The 'reconstructive movement' was concerned with the recreation of Elizabethan acting conditions, and would eventually lead to the creation of Shakespeare's Globe and similar replicas. One of the movement's offshoots was in the reconstruction of Elizabethan pronunciation: for example Bernard Miles' 1951 Macbeth, for which linguists from University College London were employed to create a transcript of the play in Elizabethan English, then an audio recording of that transcription, from which the actors, in turn, learned their lines.
The pronunciation of many words evolves over time. In Shakespeare's day, for example, "heath" was pronounced as "heth" ("or a slightly elongated 'e' as in the modern 'get'"), so it rhymed with "Macbeth" in the sentences by the Witches at the beginning of the play:
Second Witch: Upon the heath. Third Witch: There to meet with Macbeth.
A scholar of antique pronunciation writes, "Heath would have made a close (if not exact) rhyme with the "-eth" of Macbeth, which was pronounced with a short 'i' as in 'it'."
In the theater programme notes, "much was made of how OP [Original Pronunciation] performance reintroduces lost rhymes such as the final couplet: 'So thanks to all at once, and each to one, / Whom we invite to see us crowned at Scone'" (5.11.40-1) where 'one' sounds like 'own'. The Witches, the play's great purveyors of rhyme, benefited most in this regard. So, 'babe' (4.1.30) sounded like 'bab' and rhymed with 'drab' (4.1.31)..."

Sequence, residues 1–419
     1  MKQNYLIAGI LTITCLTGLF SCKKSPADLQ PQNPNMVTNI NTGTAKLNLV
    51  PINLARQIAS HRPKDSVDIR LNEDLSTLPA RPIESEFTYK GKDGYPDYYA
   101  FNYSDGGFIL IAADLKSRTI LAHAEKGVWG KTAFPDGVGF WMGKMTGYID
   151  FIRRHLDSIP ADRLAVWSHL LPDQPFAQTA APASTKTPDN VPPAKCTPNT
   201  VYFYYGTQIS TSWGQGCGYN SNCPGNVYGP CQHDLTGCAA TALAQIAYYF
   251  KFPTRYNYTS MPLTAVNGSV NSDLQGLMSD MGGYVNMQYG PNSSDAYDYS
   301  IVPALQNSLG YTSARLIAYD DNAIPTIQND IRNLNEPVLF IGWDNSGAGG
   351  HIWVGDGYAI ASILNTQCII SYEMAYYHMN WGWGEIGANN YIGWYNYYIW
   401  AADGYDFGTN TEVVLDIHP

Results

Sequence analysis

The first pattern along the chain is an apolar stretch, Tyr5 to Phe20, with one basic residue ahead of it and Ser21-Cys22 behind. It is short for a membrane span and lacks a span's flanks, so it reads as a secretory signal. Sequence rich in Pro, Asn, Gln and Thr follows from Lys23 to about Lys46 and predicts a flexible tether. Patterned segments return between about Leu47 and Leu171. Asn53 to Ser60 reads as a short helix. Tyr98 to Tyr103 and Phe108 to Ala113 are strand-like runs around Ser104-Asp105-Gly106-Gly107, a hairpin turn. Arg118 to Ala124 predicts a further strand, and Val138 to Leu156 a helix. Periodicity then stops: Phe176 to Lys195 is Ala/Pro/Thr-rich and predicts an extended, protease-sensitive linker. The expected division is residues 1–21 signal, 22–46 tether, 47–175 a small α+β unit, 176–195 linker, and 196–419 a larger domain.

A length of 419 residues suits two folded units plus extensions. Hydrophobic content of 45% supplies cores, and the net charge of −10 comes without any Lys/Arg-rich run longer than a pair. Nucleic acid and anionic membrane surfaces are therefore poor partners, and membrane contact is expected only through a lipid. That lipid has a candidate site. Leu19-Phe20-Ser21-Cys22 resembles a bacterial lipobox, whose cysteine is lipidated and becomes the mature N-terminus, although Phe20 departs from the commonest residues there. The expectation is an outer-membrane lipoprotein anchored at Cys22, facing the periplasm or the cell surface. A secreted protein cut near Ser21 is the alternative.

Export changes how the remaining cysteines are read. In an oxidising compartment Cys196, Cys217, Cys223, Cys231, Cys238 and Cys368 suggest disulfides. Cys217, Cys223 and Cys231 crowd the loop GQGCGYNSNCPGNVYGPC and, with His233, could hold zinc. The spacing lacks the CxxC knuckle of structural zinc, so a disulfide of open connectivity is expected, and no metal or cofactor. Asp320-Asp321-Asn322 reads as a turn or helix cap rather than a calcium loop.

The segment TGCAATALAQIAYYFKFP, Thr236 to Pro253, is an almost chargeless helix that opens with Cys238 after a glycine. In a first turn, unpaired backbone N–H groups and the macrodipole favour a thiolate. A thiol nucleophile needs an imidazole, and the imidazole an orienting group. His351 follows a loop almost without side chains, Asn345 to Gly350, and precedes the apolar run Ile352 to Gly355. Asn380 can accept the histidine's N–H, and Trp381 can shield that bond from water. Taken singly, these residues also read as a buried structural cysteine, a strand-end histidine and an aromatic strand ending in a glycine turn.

Eoin Price wrote, "I found the OP rendition of Banquo's brilliant question 'Or have we eaten on the insane root / That takes the raison prisoner?' unduly amusing"; and he adds,
:... 'fear' had two pronunciations: the standard modern pronunciation being one, and 'fair' being the other. Mostly, the actors seemed to pronounce it in a way which accords with the modern standard, but during one speech, Macbeth said 'fair'. This seems especially significant in a play determined to complicate the relationship between 'fair' and 'foul'. I wonder, then, if the punning could be extended throughout the production. Would Banquo's lines, 'Good sir, why do you start and seem to fear / Things that do sound so fair?' (1.3.49-50) be fascinatingly illuminated, or merely muddled, by this punning? Perhaps this is a possibility the cast already experimented with and chose to discard, but, for sure, an awareness of the possibility of a 'fair/fear' pun can have interesting ramifications for the play.